Handling your company's database responsibly
Uncle Ben, a character in Marvel's "Spider-Man" franchise, famously once said "With great power comes great responsibility." This is especially true for businesses that have access to sensitive information, whether it belongs to consumers, clients or employees. As technology and online and cloud-based platforms evolve, it's becoming increasingly important to understand how to maintain, store and control it with care. Read on to find out how to do just that.
Law and order
Governments across the world have implemented legislation governing what organizations (for-profit companies and charities alike) can and can't do with the information stored on their databases, also known as data privacy or protection laws. For example, the European Union (EU) enacted the General Data Protection Regulation in 2016 as part of the EU's privacy and human rights law.
According to the ICLG, in the United States, businesses are mandated to comply with hundreds of pieces of legislation at both the federal and state levels. These laws also determine which bodies can enforce them. Examples include the Federal Trade Commission Act and sector-specific bills such as the Cable Communications Policy Act. The legislature may soon enact a federal bill called the American Data Privacy Protection Act which will supersede state laws, as explained by Osano.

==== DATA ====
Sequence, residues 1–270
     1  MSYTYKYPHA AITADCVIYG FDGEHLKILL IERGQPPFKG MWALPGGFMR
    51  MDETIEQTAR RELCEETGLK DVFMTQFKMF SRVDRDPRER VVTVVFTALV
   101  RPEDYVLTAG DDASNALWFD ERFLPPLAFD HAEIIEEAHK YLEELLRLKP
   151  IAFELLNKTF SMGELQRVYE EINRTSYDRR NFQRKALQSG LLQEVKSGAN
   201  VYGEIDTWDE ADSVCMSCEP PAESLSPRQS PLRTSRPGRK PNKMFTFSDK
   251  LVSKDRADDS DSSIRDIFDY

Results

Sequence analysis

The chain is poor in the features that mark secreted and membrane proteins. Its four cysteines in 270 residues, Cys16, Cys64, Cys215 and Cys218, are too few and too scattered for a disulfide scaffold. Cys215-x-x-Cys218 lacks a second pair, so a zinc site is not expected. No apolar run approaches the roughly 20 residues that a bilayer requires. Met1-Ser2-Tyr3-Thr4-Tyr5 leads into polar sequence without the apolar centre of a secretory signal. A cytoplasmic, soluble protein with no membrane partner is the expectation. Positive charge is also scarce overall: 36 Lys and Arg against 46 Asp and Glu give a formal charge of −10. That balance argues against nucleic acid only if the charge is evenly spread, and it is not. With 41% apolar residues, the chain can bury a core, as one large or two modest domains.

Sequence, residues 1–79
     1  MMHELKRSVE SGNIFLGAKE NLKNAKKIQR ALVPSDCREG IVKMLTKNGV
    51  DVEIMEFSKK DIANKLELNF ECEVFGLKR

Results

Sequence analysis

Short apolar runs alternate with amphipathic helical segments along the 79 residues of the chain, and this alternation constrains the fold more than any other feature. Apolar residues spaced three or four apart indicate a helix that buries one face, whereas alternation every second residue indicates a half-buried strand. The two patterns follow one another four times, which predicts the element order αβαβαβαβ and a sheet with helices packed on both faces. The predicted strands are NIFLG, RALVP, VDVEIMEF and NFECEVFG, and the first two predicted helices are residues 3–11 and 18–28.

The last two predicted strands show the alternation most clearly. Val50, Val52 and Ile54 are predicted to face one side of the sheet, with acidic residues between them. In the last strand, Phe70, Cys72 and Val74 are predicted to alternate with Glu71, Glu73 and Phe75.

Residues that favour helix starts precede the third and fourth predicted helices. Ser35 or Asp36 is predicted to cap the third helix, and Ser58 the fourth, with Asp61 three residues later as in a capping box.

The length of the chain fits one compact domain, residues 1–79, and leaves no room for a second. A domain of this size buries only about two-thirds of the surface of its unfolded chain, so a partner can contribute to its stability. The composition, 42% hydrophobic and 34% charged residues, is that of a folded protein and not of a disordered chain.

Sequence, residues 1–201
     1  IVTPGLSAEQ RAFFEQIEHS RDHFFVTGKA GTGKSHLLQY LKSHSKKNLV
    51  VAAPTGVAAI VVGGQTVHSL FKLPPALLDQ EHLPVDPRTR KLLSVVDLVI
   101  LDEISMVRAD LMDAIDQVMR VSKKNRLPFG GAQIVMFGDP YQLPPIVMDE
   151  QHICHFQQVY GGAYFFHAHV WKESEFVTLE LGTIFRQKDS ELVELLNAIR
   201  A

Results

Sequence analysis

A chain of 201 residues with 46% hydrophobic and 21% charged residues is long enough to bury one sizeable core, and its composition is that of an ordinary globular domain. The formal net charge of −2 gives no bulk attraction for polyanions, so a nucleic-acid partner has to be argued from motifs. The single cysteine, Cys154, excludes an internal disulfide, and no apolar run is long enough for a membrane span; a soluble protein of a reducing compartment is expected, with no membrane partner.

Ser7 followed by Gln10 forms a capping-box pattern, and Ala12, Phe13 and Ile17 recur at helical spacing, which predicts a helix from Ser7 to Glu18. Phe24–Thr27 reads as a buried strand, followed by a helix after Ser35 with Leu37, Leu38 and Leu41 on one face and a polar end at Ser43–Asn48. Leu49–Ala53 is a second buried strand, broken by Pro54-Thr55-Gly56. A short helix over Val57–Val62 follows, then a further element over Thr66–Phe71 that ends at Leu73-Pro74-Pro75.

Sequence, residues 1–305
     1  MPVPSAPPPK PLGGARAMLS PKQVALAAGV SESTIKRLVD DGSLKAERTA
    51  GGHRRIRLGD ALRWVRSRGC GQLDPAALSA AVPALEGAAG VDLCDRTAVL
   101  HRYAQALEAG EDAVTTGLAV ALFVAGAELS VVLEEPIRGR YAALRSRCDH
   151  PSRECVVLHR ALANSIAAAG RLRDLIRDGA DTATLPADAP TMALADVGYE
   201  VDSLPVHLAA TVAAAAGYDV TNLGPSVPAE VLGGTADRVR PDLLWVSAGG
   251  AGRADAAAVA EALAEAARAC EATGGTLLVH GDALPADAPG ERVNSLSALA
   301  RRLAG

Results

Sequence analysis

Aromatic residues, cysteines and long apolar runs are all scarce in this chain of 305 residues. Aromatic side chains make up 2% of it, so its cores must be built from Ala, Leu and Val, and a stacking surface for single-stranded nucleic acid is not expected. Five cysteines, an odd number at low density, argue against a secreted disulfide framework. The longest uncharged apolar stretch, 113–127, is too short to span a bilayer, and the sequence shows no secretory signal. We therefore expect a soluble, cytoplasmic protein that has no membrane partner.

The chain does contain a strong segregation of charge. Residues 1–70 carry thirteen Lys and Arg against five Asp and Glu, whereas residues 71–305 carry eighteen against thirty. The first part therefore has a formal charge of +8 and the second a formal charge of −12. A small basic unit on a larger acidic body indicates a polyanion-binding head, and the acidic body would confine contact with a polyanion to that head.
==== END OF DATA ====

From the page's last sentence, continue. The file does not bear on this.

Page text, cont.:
What constitutes personal data?
"Personal data" is typically defined as sensitive personal information, but there is no general legal definition, making it hard to know which details are the most important to handle with care. According to Polar Security, you can usually consider information like banking details, social security numbers, personal addresses and biometric data (such as retinal scans or fingerprints) as sensitive and in need of extra protection.
Typically, sensitive information is data that can cause harm to its owner if leaked or stolen. As F-secure explains, data theft most often takes the form of identity theft, siphoning bank accounts, fraud and blackmail. To a less severe degree, contact details like phone numbers and email addresses can also be sold or traded (sometimes legally) for marketing and/or solicitation.
Protecting your database
It's vital to ensure that your database has adequate security controls to avoid breaches, which can be costly, should victims decide to pursue legal action against the company or if industry-specific regulatory bodies issue fines for non-compliance. Beyond a monetary value, leaks can damage a brand's reputation irreparably.
To prevent these outcomes, you'll need to take several steps. First, you must identify and classify all the information on your database appropriately, as each type will require a different level of security. Categories range from confidential to public. Next, you need to map your data flow to understand which individuals or departments have access to it and why. This step will help you trace liability and see where and why the accident occurred. Then, ensure you have the necessary network policies, data encryption and controls in place to intercept potential cyber attacks or leaks. It's essential that you monitor data continuously and, lastly, educate your employees on the importance of data protection and how to do it.